Thursday, December 1, 2016

Review: Sylvan Dread by Richard Gavin



I have just finished Richard Gavin’s latest short story collection, Sylvan Dread, and must say I think it is his most inspired and accomplished collection yet. This is a themed selection, with stories based on Nature and our interactions with it. But Gavin’s takes on the theme are so brilliant and various, if you did not know there was that connection between the stories, you may not get there was supposed to be one on your first read through of this book. When Gavin writes about Nature, he is writing about the Earth that does not necessarily include or care about the human race. A Nature that has existed long before Man and will endure beyond Man. We are but one mutation in an epic history of blind mutation, Nature being almost a factory of evolving flesh. He writes about its secrets and our inability to truly grasp this world we call home. His stories in this, to me, relate to the ancient myths of Chimeras, these unknowable secrets symbolized in collages of flesh and riddle, one could say the stories in Sylvan Dread are in fact, literary Chimeras. Each story presents a metaphysical mystery that gets deeper upon each reread. In these stories, I can see the influence and kinship with authors like Clive Barker and Arthur Machen in their belief that this world we inhabit in fact contains many worlds, both banal and sublime. Also he shares with them an interest in the philosophy of flesh, the unknowability of our own bodies and desires. In Gavin’s literary world, Eros and Thanatos both wear masks, and it’s really never clear with one is standing before you, and what their touch will bring.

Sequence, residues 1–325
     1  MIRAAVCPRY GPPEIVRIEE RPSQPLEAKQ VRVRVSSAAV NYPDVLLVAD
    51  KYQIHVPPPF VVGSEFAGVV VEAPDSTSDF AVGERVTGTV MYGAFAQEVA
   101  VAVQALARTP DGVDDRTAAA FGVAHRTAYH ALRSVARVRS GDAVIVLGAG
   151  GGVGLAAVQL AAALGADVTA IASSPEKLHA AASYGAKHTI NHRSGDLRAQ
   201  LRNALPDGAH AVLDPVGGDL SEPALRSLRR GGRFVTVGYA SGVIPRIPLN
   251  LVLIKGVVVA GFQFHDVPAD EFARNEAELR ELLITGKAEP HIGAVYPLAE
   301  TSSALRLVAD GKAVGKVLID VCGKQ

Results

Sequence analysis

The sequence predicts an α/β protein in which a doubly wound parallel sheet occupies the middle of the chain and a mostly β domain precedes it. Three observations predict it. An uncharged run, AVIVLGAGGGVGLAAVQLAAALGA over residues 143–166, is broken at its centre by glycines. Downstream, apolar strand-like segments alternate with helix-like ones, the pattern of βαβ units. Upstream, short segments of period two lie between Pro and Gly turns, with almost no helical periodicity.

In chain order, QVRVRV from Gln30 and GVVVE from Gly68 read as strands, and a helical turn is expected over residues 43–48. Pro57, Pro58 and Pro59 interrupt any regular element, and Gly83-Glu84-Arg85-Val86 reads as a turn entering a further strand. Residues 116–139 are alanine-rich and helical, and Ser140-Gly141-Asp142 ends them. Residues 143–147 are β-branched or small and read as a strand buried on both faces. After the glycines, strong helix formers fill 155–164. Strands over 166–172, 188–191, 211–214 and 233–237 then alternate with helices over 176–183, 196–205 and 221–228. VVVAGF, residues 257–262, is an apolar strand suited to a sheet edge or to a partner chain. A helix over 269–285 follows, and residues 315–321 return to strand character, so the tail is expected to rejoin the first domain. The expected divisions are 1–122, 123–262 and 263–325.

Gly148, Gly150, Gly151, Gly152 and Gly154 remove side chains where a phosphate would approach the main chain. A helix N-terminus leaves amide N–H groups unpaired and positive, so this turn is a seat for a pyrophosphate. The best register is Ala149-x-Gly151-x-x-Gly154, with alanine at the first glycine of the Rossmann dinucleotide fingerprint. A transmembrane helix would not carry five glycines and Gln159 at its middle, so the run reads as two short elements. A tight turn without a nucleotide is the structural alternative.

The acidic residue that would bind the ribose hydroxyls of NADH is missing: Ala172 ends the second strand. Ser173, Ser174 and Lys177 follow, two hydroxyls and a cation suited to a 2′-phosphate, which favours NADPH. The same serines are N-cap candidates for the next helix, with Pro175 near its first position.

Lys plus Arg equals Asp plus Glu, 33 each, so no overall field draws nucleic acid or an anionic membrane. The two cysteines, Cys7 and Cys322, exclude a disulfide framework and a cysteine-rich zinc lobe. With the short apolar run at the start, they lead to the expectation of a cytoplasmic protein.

One of the things I most love about Gavin’s fiction is his obvious love for the horror genre. He strives to show what the horror genre is capable of. In it’s best examples, the genre can show us a tenebrous and heart breaking transcendence, like in his story Mare’s Nest. Or it can make us question what we always thought we knew, in a sublimely creepy manner, like in his story The Old Pageant. It can also talk about repression and what we secretly wish for, like in his story Fume. And in his story Thistle Latch, it can show us salvation in disease and rot. Horror is one of the oldest forms of literature. And its different manifestations are legion. Horror truly is a many headed Hydra.

Richard Gavin is one of the most talented authors working in the field of Weird Horror today. I highly recommend Sylvan Dread. In a year of many standout collections, it certainly holds its own. Sylvan Dread is a new classic and I certainly will be returning to it again and again. It certainly left me with a lot to think about. Gavin extols his midnight philosophy in every tale: Everything begins and ends in Mystery.


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